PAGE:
Some skeptics may balk at this sort of behavior especially when it comes to the areas where customer service is expected with a hotel or restaurant: as if because these folks are in a service industry job they should be good at it regardless of whether they receive verbal thanks from customers.  While technically speaking this is logical, it cannot be discounted how grand an effect a small thank you can yield.  When I was in college I could only work during the summers since I was a full-time scholarship student-athlete during the year.  Since I still trained through the summers I had limited options for jobs. I took one as a maid for the campus hotel at University of Florida.  What I learned in those summers was priceless in terms of what it took to run a hotel in the background.  Likewise I was exposed to how very messy and downright disgusting that people could be when they stayed in a room that wasn’t their own to have to pick up after their departure.  I remember vividly the pure joy I felt when I would begin cleaning a room and spot a small note of thanks with a couple of dollar bills.  The overall gesture meant so much to me that to this day I always leave a tip for the housekeeping staff when I check out of a hotel.

Does the How Matter?

I’ve mentioned a  couple of the ways I’ve tried to express thanks in person but I’m not meaning to say that we have to go beyond the actual words and message explaining what we are grateful for when directing thanks.  It’s far better that we at least go ahead and let that person(s) know how we feel in return for what they gave us whether or not it was warranted.  Although monetary tips and physical gifts are always nice they are not what truly matters.

Too Much to Do, Too Much to Say

Is this sort of behavior easy to be consistent with over time? Of course not.  It’s 2012 and most of us are not quite sure how this century has already gotten to this year so very quickly as 1999 wasn’t so long ago.  Keeping up communicating our gratitude to anyone beyond our own close family ties or friends is many times impossible as it’s difficult enough just doing so with the former.  However, I must urge myself and anyone else who is open to the idea that it is still very important to try to say “thank you” to each other even if it’s just the person at the hectic fast-food drive –thru window.  We need to hear that affirmation.  It also helps affirm ourselves that we are blessed to receive that assistance, service, care, et cetera.  This is also critical when the service rendered is not the greatest: imagine that there are some people who do their tedious, tiresome work daily and don’t hear from anyone that their effort is appreciated.  It’s no wonder they and we become so jaded and disconnected with each other.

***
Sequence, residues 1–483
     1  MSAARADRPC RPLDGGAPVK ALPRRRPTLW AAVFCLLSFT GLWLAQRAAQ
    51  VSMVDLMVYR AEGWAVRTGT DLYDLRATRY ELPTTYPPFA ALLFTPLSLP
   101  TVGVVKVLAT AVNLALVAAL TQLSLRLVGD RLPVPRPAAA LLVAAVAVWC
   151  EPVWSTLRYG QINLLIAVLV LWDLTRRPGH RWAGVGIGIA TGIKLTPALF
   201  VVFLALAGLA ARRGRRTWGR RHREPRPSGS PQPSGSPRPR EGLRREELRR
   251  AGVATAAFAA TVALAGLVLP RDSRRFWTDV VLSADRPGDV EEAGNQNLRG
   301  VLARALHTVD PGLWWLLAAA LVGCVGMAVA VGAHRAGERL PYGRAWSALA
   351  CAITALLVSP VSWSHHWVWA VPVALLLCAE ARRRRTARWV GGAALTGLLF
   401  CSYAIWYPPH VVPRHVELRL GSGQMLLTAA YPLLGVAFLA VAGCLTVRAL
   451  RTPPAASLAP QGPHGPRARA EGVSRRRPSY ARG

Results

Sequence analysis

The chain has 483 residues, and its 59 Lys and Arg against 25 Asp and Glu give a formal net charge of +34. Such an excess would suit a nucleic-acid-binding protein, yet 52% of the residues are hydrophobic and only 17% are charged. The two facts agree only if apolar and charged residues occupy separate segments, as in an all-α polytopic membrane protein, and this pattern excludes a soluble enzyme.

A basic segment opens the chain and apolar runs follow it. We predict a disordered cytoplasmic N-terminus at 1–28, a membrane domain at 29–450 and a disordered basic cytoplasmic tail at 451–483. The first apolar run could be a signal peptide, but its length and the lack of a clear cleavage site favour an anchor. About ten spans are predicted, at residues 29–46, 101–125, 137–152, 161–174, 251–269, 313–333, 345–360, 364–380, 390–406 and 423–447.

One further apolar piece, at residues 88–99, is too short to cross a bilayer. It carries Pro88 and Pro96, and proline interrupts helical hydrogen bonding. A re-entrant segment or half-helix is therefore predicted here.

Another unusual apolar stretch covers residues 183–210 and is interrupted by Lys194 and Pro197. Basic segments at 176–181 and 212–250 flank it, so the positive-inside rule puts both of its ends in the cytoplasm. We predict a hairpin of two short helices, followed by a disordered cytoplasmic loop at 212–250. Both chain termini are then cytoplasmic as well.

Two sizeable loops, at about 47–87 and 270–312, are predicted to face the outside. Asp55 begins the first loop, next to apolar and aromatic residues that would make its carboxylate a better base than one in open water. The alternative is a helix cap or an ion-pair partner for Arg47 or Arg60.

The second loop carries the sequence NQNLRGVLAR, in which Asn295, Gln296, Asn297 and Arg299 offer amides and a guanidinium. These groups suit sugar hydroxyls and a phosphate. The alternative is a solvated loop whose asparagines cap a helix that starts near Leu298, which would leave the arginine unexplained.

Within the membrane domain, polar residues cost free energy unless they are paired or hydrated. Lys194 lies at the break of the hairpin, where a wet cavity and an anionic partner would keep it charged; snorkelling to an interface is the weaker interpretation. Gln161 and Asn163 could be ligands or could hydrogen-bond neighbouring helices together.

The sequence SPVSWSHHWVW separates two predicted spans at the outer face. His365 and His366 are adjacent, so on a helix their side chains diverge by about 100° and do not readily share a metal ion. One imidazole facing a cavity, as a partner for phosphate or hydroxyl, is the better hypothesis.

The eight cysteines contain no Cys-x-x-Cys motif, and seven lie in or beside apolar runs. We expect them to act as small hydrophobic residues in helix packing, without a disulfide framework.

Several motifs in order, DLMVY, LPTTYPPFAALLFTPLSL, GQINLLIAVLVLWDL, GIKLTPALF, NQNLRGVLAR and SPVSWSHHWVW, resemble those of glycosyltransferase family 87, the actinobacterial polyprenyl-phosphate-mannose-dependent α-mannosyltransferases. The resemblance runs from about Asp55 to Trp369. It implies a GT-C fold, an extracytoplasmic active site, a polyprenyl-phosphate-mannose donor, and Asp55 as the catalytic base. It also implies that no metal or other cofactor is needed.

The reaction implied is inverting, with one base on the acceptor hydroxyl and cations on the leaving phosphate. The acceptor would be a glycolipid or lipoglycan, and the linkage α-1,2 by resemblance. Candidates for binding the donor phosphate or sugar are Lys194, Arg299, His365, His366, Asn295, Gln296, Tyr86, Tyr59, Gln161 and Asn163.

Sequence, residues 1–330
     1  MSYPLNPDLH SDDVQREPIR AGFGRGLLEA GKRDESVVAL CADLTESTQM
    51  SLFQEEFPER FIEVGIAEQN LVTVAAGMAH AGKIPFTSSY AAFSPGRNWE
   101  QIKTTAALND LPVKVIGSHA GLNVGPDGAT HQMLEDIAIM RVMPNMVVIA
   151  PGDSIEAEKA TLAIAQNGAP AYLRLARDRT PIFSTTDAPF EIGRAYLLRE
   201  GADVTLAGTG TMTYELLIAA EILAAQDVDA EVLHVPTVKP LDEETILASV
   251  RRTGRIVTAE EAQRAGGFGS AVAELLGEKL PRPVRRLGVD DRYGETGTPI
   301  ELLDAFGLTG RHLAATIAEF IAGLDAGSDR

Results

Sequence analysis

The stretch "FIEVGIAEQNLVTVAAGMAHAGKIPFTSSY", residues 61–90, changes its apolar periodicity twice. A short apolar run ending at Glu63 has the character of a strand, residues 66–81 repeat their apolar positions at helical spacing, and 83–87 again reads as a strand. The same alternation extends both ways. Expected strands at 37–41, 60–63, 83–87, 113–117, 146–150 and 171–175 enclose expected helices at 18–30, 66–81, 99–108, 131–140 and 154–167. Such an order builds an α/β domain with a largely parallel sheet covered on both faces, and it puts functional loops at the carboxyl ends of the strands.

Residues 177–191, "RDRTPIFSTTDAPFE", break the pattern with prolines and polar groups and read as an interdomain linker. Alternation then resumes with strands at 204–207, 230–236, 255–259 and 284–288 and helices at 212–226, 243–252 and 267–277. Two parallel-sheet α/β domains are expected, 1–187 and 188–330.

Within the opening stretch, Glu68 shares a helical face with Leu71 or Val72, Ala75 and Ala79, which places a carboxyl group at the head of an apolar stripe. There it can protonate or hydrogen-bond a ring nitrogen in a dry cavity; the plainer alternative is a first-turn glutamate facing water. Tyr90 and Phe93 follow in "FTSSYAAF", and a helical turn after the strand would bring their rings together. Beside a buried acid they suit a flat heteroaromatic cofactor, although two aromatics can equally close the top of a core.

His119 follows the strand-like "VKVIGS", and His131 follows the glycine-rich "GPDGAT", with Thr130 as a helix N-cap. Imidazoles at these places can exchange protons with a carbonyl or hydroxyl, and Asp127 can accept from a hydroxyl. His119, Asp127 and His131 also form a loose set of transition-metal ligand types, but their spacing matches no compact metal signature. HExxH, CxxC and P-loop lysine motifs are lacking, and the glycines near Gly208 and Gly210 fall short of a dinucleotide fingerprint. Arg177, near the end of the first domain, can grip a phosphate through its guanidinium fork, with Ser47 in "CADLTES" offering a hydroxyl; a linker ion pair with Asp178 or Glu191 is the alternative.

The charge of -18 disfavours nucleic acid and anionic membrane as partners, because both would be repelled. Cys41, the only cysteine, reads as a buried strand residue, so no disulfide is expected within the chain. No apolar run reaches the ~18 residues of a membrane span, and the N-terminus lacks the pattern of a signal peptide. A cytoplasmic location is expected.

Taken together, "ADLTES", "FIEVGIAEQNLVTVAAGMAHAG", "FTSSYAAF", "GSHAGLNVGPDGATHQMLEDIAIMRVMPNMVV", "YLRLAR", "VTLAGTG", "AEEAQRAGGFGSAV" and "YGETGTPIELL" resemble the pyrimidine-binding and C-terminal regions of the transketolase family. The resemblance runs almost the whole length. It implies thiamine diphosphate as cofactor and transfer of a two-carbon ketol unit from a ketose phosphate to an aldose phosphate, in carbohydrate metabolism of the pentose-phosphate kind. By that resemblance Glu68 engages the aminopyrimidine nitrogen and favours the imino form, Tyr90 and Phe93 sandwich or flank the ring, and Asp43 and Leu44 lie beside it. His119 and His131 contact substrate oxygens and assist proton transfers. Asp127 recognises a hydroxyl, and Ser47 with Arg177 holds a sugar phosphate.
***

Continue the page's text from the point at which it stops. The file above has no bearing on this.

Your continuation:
Thanks for Reading

Your time is precious as it is for all of us respectively and so I’m also grateful that you are reading this right now.  My hope and prayer is that you are able to take from these words something to encourage you in your individual charted path for life.  Thanks as well for any comments, positive or constructive criticism alike: it helps me to become a better communicator and share my philosophy as it continues to evolve in my life’s journey here on Earth.

R.V.S. Bean